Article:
For a president continually struggling with low approval ratings, the midterms provided a stunning result as the widely anticipated Republican red wave failed to materialize.
Although Democrats look set to lose their majority in the House, it is by a much smaller margin than either history or today’s pollsters anticipated. Democrats have maintained their majority in the Senate, a result that was confirmed four days after election day when Senator Catherine Cortez Masto won reelection. The final Senate seat will be decided by a 6 December run-off in the state of Georgia.
The midterm elections were not good for the Republican party but were especially bad for Donald Trump who has until now managed to defy expectations and maintain his grip on the party even after his 2020 defeat at the polls.
Trump managed to win the presidency once but he lost the popular vote twice and at no stage during his time in office did his approval ratings go above 40 per cent. Now, after six years of the most divisive and disruptive leadership the US has ever seen, he has presided over the worst midterm results a party out of power has suffered in two decades.
Trump’s influence is on the wane
Many of the candidates endorsed by the former president – including in battleground states such as Pennsylvania and Arizona – lost. In Georgia, the Republican governor and Trump GOP rival won, despite Trump’s opposition, and the candidate he endorsed for the US Senate has come up short of the 50 per cent needed to get over the line in the first round.
Trump’s nemesis, Ron DeSantis, the Republican governor of Florida, won a second four-year term in a landslide. Trump is suffering attacks from his own party and many loyal media supporters, such as Fox News, the New York Post, and the Wall Street Journal. None of this bodes well for the prospect of Trump leading the party through the 2024 presidential election.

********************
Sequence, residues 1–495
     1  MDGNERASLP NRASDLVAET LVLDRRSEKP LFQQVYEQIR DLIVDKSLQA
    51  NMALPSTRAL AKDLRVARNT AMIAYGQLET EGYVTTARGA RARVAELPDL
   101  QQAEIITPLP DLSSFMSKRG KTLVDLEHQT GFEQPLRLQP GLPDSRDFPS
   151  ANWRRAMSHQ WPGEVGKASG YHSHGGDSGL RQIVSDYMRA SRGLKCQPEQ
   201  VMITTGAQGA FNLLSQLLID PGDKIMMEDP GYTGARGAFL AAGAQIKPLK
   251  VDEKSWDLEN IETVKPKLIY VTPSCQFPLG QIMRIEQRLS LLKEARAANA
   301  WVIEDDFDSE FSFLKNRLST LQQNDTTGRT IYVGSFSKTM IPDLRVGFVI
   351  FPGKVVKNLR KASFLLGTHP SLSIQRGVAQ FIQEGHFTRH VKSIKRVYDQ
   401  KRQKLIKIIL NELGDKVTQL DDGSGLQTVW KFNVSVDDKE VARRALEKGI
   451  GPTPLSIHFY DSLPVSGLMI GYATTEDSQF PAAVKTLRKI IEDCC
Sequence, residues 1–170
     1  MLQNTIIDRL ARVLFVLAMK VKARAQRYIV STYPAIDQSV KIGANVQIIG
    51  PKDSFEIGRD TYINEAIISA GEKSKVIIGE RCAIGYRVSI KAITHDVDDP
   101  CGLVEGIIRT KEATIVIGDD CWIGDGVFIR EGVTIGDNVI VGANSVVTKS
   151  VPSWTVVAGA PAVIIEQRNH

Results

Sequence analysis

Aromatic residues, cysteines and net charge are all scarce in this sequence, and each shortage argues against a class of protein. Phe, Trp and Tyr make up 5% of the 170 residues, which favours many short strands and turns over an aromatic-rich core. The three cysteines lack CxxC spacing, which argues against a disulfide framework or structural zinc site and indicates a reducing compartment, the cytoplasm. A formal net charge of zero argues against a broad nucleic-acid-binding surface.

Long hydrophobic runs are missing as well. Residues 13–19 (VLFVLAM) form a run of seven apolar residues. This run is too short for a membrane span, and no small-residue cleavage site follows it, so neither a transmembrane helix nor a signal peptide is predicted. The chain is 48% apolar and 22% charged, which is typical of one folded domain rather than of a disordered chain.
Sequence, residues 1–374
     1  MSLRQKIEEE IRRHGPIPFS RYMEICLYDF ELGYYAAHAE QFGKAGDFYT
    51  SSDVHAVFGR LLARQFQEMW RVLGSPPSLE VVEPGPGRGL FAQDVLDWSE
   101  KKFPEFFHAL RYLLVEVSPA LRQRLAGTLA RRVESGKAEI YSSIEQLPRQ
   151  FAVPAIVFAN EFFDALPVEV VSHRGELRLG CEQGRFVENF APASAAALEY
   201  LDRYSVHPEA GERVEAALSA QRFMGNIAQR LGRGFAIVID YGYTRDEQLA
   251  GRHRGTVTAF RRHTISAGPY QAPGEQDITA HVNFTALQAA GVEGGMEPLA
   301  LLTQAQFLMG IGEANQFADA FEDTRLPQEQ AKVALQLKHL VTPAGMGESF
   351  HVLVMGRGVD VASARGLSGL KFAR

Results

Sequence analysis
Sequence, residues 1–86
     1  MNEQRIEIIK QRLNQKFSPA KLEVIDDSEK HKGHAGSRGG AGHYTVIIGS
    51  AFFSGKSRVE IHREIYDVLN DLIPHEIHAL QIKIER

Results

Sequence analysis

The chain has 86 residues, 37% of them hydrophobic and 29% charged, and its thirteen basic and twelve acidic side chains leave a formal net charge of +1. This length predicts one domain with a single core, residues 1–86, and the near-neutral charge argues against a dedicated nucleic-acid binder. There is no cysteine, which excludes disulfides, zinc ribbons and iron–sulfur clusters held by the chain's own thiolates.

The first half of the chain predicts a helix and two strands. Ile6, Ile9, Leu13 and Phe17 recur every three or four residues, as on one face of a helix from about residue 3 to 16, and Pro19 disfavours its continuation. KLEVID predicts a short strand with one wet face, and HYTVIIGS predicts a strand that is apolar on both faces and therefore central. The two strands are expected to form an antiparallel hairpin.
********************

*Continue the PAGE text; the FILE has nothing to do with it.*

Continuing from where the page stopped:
After six years of chaos, this upset has been delivered with remarkably little chaos and, so far, no violence in a win for democracy and stability in the US which will reverberate beyond the US shores.
The system has worked, with multiple elections held across all 50 states. Hotly contested seats were decided peacefully even when the margins were thin. The midterm elections were also a win for democracy. In every battleground state, election deniers that were nominated to run for offices that would control state election systems, including in the 2024 presidential elections, have been defeated.
For a country with a polarized electorate and a radical Republican leader who has continued to spread disinformation and sought to rile his base, this election has been surprisingly normal.
This means the debate about the future of America’s international leadership is postponed. Biden is still in the saddle and, instead of a battle for control inside the Democratic party, it is the Republicans who look set to descend into internal conflict and recrimination.
The unofficial contest to win the Republican nomination for president has already begun. Donald Trump has signalled loudly that he plans to run. If he does, it could impact Republican prospects in the 6 December runoff for the final seat in the Senate. DeSantis may also run and could be followed by several aspiring Republican candidates. A disrupted party facing a period of significant change seems likely.
Inflation and the economy proved key factors
As always, foreign policy barely featured in the elections but the result promises a period of continuity. Instead of facing dangerous sniping on Ukraine from an emboldened Republican House leadership, the Biden administration looks set to hold to its Ukraine policy.
Biden’s increasingly hard-line policy on China will continue to be qualified by a clear-headed determination – however hard – to cooperate on climate. Trade policy will remain stuck, as will US policy in the developing world.
Exit polls show Democrats were motivated to vote by the reversal of Roe vs Wade and the restrictions on abortion rights that followed, while Republicans voted against inflation.
But Democrats at the national level continually failed to effectively communicate the positive impacts of Biden’s legislative agenda for ordinary Americans, or to deliver a clear economic message.
The national leadership veered from abortion rights to the Inflation Reduction Act, to the future of democracy in the US – all of which proved too complicated to cut through.
The state level shows a more complex picture because inflation and the economy – which could have swept Republicans to victory – were blunted by dogged local campaigning from Democrats who knew their voters and spoke to the cost-of-living concerns which were top of their minds.